Corky Coker and family will hunt hidden treasures in 'Backroad Gold' show
For decades, Corky Coker and his family have been putting collectors on the road with the authentic tires they make. Now, collectors and the world at large can see how the family spends its time spinning the whitewalls of their own cars on the new TV show “Backroad Gold,” which will debut on the Travel Channel Feb. 5 at 9:30 p.m. ET.
Eight episodes of “Backroad Gold” are slated to hit TV screens Wednesday nights in 2014 with each episode featuring Coker family members doing what they love — playing with old iron.
“It’s about my family,” said Corky Coker, president of The Coker Group. “My daughter Casey is on it; she does the administrative stuff at Honest Charley. My son-in-law Greg is my sidekick on the show and my dad, who was the national president of the AACA back in 1972, is on the show. He is a car collector extraordinaire — brass cars more than anything — but the fun part is, this is real life. My dad will see me pull in a low-mile Trans Am with original paint and he will say, ‘What did you buy that old used car for?’”
Coker said this isn’t like some reality TV shows where family drama is the attraction. On this show, the subject is cars and how the family that hunts cars together stays together.
“We are not yelling at each other or anything like that — it’s all in good fun.”
“Backroad Gold” is also about more than the Coker family. It’s about other families of hobbyists that have preserved the cars that Coker hunts.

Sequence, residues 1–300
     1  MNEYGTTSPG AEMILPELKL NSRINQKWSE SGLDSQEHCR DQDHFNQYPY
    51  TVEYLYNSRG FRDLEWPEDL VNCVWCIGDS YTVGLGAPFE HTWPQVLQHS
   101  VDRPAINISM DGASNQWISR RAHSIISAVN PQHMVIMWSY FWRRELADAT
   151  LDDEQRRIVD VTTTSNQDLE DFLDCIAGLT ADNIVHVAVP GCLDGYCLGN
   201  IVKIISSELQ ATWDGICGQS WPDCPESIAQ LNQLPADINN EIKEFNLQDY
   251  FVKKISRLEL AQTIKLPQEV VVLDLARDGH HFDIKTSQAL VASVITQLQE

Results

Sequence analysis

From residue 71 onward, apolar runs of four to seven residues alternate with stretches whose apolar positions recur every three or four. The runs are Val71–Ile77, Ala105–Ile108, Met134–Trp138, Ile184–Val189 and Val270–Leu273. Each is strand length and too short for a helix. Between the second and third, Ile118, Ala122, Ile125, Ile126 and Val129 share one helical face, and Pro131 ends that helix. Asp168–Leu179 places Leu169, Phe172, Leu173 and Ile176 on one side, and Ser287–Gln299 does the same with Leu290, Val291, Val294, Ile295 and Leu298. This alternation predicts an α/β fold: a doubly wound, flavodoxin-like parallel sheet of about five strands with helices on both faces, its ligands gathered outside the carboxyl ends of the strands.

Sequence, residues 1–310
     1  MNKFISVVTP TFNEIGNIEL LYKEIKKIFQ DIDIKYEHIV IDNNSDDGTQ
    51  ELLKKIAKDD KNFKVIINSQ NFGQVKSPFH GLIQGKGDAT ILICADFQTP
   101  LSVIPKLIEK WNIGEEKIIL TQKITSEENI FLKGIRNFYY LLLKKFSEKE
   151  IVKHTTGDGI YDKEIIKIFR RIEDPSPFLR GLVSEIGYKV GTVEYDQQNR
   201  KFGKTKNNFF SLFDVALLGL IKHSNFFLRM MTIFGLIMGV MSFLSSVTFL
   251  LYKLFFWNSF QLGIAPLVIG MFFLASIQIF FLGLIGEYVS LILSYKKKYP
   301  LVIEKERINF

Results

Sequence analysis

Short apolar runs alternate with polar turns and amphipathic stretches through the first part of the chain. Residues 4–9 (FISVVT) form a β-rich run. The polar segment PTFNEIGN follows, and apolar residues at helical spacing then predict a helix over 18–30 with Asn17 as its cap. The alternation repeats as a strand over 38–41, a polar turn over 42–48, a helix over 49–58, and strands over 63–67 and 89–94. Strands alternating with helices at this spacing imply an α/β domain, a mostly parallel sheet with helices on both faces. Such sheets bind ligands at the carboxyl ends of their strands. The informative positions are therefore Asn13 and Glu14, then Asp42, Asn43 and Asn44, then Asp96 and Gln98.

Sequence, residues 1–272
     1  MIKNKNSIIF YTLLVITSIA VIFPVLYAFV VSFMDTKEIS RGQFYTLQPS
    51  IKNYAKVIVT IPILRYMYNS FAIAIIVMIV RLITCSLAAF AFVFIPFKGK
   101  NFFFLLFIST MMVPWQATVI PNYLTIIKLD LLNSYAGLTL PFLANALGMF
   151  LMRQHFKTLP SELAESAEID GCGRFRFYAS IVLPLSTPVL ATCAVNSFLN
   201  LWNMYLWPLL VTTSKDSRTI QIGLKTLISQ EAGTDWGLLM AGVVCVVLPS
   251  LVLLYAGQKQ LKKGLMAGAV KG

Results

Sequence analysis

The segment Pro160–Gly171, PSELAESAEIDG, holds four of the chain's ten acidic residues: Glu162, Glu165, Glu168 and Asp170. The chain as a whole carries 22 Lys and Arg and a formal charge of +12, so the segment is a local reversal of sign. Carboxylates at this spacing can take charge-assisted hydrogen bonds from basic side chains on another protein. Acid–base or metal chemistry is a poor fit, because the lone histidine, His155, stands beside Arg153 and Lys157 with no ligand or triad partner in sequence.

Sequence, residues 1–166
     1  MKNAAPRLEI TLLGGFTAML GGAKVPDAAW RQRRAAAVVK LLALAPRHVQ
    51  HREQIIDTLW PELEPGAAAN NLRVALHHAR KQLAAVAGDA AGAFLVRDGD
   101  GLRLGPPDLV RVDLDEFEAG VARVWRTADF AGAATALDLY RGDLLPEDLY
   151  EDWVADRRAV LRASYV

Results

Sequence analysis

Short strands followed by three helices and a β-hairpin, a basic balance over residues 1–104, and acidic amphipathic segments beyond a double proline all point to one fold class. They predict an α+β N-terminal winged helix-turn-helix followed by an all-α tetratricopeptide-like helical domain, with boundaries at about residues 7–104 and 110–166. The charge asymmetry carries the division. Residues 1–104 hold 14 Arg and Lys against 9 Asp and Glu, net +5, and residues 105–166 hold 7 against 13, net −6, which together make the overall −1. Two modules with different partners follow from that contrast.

“The most fun part is that I get to tell the real stories of America. They aren’t in the big cities of Milwaukee, New York City or Atlanta. They are on the backroads of America where people live life like it should be,” Coker said.
“I like to tell the stories of why this old car was put in this old barn years ago,” Coker added.
“In one of the episodes, I find a 1934 Pierce V-12 sedan owned by twin 78-year-old brothers. This car was in a dairy barn for 40-some years. I had to put tires on it in the barn. To hear those old brothers tell the story and how they drove it while they were in their teens, it’s just precious. They entrusted me to let that car come outside and breathe again.”
Each 30-minute show will feature Coker tracking one to three vehicles plus the restoration of a vehicle in Honest Charley’s Garage, one of The Coker Group’s businesses. The funds for each purchase come out of Coker’s own wallet, and he plans to show the dollar figures for each car he buys — or walks away from. Most of the vehicles he buys will land in his personal collection, which can be toured in Chattanooga, Tenn., free of charge. A few of the finds will be offered for sale once Coker’s urge for the hunt has been satisfied.
Coker shared a few other finds slated to appear on “Backroad Gold,” including a triple-black Pontiac GTO, a 1934 Packard coupe roadster and a bus that Coker found, then realized he had ridden in as a Cub Scout. He said there’s also a 1947 Chrysler Town and Country with family ties featured in the season finale, but he said viewers will have to watch the episode to catch the hook.
In addition to telling the stories of old cars and the people who collect them, Coker said there was another big reason he decided to take part in the show:
“I do have a real top secret to share with the readers of Old Cars Weekly: I am doing it so I get all these leads before everyone else,” Coker joked, although only half in jest. Years before the cameras began rolling, Coker and his family were already hunting down old cars and trucks, but the show may open new opportunities for them to bring cars to the hobby.
“When the TV show hits the screens, there will be folks who don’t normally run in our circles that will be seeing it and thinking, ‘Hey, this guy is doing this for fun. Doesn’t uncle Fred have an old something something in the tobacco shed? Let’s call him and see.’”
Wednesdays on the Travel Channel
Begins Feb. 5 at 9:30 p.m. ET